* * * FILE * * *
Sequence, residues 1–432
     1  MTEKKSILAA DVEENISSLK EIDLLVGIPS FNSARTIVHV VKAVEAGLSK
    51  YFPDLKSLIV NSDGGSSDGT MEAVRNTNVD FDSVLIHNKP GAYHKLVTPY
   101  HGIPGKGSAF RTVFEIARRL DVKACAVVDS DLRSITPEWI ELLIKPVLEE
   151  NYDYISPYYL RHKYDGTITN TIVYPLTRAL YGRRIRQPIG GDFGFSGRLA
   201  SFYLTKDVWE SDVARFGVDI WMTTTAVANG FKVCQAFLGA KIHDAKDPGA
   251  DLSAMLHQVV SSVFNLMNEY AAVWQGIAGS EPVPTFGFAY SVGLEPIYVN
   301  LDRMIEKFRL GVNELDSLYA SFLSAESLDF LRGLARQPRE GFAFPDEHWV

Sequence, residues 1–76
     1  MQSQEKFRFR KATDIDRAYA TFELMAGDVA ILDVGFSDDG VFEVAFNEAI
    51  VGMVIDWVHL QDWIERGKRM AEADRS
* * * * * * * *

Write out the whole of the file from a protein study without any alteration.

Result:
Sequence, residues 1–432
     1  MTEKKSILAA DVEENISSLK EIDLLVGIPS FNSARTIVHV VKAVEAGLSK
    51  YFPDLKSLIV NSDGGSSDGT MEAVRNTNVD FDSVLIHNKP GAYHKLVTPY
   101  HGIPGKGSAF RTVFEIARRL DVKACAVVDS DLRSITPEWI ELLIKPVLEE
   151  NYDYISPYYL RHKYDGTITN TIVYPLTRAL YGRRIRQPIG GDFGFSGRLA
   201  SFYLTKDVWE SDVARFGVDI WMTTTAVANG FKVCQAFLGA KIHDAKDPGA
   251  DLSAMLHQVV SSVFNLMNEY AAVWQGIAGS EPVPTFGFAY SVGLEPIYVN
   301  LDRMIEKFRL GVNELDSLYA SFLSAESLDF LRGLARQPRE GFAFPDEHWV

Sequence, residues 1–76
     1  MQSQEKFRFR KATDIDRAYA TFELMAGDVA ILDVGFSDDG VFEVAFNEAI
    51  VGMVIDWVHL QDWIERGKRM AEADRS